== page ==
Date: 03/24/15-11:38:11 PM Z

Hi Cesar,

C0 functions have certain symmetries in their arguments. Those
are applied by PaVeReduce:

f1 = PaVe[0, 0, {0, 0, m1^2}, {0, m2^2, m2^2}] // PaVeReduce
f2 = (PaVe[0, 0, {m0^2, 0, m1^2}, {0, m2^2, m2^2}] // PaVeReduce) /.
m0 -> 0
PaVeOrder[f1 - f2]

returns 0.

Cheers,

Am 24.03.2015 um 22:46 schrieb Cesar Lattes:
> Hi,
>
> I found a very strange behaviour of the function PaVeReduce when one of the variables is much smaller than the others. It seems that I don't get the same reduce if I apply PaVeReduce before or after sending a specific variable to zero.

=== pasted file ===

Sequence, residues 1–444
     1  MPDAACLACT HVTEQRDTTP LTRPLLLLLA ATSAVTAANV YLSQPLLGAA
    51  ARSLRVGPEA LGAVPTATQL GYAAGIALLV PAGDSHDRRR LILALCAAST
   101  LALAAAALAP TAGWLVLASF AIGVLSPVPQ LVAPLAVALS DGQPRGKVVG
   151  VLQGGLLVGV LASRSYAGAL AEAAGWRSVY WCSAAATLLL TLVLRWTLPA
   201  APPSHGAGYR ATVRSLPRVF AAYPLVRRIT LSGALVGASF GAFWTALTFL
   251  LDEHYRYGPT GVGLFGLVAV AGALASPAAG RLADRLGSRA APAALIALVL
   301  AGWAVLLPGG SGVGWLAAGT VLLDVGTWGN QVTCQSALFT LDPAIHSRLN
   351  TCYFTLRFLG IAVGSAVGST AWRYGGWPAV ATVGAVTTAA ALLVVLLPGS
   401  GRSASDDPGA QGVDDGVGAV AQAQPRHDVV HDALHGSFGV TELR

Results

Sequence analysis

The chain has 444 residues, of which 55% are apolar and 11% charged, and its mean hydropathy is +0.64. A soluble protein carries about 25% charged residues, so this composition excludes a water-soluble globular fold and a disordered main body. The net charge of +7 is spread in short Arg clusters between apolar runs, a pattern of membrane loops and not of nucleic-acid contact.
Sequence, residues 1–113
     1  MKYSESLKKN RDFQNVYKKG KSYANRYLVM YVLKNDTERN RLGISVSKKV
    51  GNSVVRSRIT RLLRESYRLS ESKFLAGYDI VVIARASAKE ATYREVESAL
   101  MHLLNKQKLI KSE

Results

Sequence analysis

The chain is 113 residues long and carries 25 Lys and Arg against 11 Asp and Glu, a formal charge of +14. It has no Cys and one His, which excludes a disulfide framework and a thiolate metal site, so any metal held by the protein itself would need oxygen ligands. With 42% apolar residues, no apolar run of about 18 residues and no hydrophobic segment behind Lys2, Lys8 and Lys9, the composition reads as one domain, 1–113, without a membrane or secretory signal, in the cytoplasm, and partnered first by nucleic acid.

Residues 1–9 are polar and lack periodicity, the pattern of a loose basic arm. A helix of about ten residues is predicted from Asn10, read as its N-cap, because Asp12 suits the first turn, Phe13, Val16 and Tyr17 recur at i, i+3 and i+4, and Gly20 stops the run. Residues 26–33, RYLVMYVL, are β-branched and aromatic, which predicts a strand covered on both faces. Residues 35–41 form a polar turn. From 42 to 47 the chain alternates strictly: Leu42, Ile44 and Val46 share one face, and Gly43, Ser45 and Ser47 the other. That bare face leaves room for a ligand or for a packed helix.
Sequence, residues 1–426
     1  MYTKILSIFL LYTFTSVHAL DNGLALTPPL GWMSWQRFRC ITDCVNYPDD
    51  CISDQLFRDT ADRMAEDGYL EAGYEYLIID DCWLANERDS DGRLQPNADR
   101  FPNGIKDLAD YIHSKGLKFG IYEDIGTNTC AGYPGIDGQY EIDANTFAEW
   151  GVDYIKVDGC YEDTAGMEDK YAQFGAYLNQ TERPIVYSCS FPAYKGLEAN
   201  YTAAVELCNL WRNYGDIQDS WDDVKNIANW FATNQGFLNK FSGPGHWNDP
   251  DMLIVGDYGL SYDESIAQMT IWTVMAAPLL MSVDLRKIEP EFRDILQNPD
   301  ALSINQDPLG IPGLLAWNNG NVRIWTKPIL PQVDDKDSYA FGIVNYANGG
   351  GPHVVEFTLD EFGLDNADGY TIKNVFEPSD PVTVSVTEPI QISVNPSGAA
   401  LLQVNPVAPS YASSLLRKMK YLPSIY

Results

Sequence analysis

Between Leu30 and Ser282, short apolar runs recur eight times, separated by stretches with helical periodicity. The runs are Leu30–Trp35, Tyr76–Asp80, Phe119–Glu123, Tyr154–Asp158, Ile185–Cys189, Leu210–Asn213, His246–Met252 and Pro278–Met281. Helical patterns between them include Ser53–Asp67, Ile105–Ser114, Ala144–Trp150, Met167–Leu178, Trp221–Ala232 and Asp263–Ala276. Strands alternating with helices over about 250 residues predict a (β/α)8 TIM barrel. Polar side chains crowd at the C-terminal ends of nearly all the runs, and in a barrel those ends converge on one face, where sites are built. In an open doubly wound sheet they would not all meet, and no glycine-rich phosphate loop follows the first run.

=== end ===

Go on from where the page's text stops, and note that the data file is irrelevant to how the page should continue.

>
> For instance, if I try to compute:
>
> f1 = PaVe[0, 0, {0, 0, m1^2}, {0, m2^2, m2^2}] // PaVeReduce
>
> and
>
> PaVe[0, 0, {m0^2, 0, m1^2}, {0, m2^2, m2^2}] // PaVeReduce
> f2 = % /. m0 -> 0 ,
>
> then I get a result which is not zero:
>
> f1 - f2 // Simplify
>>>> 1/2 m2^2 (C0(m1^2,0,0,m2^2,0,m2^2)-C0(0,m1^2,0,m2^2,0,m2^2)) ,
>
> Am I doing something wrong? What is the good way to take this kind of limit?
>